He was also Group Financial Communications Manager for First National Bank, the second largest banking group in South Africa before moving on to become Executive News Editor of Business Report, the largest daily financial newspaper in South Africa, owned by the global Independent Newspapers group.

He was responsible for a national reporting team of 20 based in four bureaus. He also edited and contributed to its weekly technology page, and launched a financial and technology radio service supplying daily news bulletins to the national broadcaster, the South African Broadcasting Corporation, which were then distributed to some 50 radio stations across the country.

He was then transferred to San Francisco as Business Report's U.S. Correspondent to cover Silicon Valley, trade and finance between the US, Europe and emerging markets like South Africa. After serving that role for more than two years, he joined eWeek as a Senior Editor, covering software platforms in August 2000.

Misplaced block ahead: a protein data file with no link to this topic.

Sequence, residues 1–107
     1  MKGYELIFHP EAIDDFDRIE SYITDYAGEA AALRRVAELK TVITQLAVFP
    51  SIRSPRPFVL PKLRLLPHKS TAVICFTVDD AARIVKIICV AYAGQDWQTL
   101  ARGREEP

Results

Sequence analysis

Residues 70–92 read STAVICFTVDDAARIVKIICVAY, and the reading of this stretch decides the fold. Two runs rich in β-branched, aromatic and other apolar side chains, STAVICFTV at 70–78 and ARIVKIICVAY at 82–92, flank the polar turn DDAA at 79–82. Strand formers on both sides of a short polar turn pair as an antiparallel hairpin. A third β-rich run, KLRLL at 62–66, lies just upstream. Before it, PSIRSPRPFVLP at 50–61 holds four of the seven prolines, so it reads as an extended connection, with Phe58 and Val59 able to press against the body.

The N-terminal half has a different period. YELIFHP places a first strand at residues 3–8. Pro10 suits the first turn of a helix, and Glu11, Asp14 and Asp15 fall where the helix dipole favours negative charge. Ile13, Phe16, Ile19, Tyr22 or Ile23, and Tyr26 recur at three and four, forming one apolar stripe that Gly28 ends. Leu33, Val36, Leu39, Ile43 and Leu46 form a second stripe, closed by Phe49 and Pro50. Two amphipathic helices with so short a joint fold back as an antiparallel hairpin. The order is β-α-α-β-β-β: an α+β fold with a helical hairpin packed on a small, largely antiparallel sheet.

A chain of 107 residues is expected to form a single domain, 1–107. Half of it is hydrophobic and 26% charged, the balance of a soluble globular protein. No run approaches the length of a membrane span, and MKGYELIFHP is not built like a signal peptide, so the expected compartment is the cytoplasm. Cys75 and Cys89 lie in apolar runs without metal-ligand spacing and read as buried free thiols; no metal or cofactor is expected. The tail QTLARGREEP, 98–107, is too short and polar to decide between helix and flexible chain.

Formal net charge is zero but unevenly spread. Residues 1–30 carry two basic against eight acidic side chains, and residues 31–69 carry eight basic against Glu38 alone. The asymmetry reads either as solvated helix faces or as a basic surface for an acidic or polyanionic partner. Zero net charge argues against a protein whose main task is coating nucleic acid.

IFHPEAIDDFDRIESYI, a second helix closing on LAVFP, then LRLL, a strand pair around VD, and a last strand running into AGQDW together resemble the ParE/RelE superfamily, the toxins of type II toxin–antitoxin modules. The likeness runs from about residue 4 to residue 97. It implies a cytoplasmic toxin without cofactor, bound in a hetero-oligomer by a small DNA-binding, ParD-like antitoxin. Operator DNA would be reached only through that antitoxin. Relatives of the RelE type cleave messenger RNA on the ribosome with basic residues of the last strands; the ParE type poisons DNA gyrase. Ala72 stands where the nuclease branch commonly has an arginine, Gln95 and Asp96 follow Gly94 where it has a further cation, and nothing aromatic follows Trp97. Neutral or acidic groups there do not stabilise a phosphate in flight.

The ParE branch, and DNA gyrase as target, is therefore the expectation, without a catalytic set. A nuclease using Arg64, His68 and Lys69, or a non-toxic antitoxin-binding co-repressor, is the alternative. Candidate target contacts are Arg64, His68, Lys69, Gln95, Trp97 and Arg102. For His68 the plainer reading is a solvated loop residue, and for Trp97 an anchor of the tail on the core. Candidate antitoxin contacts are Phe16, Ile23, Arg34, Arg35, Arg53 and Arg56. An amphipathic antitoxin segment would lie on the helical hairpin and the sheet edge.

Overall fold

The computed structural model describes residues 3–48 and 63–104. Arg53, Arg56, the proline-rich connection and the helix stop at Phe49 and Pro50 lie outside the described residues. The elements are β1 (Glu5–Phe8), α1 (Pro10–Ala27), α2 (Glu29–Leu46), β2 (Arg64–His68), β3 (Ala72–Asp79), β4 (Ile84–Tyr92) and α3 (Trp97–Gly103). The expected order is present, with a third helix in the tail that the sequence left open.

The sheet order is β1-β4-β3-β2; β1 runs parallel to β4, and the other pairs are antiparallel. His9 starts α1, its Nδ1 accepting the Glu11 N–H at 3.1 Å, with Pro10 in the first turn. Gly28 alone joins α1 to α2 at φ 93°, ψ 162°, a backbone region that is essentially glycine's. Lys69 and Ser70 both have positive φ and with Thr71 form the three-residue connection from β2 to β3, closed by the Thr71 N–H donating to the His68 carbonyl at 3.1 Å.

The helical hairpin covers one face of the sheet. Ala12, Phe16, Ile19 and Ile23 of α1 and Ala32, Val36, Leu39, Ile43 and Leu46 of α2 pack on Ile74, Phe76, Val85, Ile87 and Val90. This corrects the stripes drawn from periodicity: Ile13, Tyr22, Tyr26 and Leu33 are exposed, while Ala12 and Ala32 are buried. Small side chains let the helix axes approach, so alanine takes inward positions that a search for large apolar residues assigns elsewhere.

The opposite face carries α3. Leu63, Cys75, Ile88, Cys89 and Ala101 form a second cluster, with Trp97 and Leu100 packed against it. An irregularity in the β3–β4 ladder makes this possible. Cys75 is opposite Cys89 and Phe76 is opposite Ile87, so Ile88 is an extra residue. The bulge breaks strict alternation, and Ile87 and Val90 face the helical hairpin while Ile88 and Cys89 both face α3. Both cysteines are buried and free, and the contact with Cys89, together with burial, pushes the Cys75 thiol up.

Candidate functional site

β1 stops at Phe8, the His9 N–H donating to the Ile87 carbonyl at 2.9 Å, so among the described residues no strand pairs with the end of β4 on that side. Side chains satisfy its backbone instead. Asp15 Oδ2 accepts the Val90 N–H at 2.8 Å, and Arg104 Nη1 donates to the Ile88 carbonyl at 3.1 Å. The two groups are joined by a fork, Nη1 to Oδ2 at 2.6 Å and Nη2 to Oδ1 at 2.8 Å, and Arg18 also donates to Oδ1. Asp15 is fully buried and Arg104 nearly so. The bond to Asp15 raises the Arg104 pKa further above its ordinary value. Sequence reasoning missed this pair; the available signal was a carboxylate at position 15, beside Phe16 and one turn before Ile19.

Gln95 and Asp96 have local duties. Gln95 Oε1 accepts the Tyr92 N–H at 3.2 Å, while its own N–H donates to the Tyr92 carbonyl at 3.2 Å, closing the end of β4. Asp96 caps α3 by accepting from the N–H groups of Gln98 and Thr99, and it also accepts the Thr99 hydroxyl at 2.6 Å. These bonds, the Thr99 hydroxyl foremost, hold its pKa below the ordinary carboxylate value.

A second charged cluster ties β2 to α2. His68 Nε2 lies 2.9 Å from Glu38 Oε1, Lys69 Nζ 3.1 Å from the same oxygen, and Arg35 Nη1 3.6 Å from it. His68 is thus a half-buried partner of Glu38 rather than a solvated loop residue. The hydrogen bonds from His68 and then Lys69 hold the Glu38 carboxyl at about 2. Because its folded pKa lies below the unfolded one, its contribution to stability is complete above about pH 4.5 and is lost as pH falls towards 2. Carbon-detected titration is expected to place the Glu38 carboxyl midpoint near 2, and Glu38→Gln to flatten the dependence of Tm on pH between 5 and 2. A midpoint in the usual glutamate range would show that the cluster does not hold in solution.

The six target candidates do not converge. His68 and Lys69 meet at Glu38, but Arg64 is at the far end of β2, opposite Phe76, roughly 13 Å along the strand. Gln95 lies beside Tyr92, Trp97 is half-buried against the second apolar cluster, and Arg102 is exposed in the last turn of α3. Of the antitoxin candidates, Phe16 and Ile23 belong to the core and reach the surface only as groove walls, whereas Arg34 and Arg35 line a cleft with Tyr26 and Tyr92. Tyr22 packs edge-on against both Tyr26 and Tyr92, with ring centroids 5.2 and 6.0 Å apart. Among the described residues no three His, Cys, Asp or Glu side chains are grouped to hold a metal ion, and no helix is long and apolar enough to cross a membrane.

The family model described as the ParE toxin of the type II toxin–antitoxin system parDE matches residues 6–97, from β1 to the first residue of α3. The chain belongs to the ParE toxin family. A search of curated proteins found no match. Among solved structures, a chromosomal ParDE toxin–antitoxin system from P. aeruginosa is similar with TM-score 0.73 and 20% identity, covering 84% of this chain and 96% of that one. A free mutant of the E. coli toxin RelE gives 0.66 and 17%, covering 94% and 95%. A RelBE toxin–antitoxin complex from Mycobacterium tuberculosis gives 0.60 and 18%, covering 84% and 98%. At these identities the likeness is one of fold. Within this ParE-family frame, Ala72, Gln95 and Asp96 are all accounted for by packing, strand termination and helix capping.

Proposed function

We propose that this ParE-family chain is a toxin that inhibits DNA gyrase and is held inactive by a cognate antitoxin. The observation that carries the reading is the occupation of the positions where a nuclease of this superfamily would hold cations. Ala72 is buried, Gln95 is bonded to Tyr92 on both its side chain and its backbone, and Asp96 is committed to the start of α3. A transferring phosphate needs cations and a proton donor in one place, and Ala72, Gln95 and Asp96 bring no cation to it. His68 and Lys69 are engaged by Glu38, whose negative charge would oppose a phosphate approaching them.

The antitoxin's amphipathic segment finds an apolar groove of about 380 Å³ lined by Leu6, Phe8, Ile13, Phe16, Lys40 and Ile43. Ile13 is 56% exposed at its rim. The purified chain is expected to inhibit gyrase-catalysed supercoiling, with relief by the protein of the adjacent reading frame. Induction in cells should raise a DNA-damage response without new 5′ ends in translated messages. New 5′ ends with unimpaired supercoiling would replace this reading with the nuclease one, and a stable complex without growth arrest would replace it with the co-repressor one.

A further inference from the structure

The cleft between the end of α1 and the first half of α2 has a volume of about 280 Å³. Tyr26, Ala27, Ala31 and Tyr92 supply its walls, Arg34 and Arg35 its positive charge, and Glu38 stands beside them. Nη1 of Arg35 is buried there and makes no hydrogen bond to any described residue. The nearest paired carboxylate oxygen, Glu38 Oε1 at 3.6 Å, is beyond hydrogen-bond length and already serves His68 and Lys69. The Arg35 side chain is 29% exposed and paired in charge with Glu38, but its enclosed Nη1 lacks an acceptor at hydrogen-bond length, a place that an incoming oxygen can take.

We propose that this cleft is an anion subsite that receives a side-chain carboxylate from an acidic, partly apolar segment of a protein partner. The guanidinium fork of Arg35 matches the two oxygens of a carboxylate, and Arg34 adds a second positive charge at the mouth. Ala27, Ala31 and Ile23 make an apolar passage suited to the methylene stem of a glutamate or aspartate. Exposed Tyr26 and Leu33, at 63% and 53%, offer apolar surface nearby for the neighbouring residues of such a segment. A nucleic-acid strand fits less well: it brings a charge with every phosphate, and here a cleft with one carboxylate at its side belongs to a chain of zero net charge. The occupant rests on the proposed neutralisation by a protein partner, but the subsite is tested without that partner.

He has comprehensively covered Microsoft and its Windows and .Net platforms, as well as the many legal challenges it has faced. He has also focused on Sun Microsystems and its Solaris operating environment, Java and Unix offerings. He covers developments in the open source community, particularly around the Linux kernel and the effects it will have on the enterprise.

He has written extensively about new products for the Linux and Unix platforms, the development of open standards and critically looked at the potential Linux has to offer an alternative operating system and platform to Windows, .Net and Unix-based solutions like Solaris.

His interviews with senior industry executives include Microsoft CEO Steve Ballmer, Linus Torvalds, the original developer of the Linux operating system, Sun CEO Scot McNealy, and Bill Zeitler, a senior vice president at IBM.

For numerous examples of his writing you can search under his name at the eWEEK Website at www.eweek.com.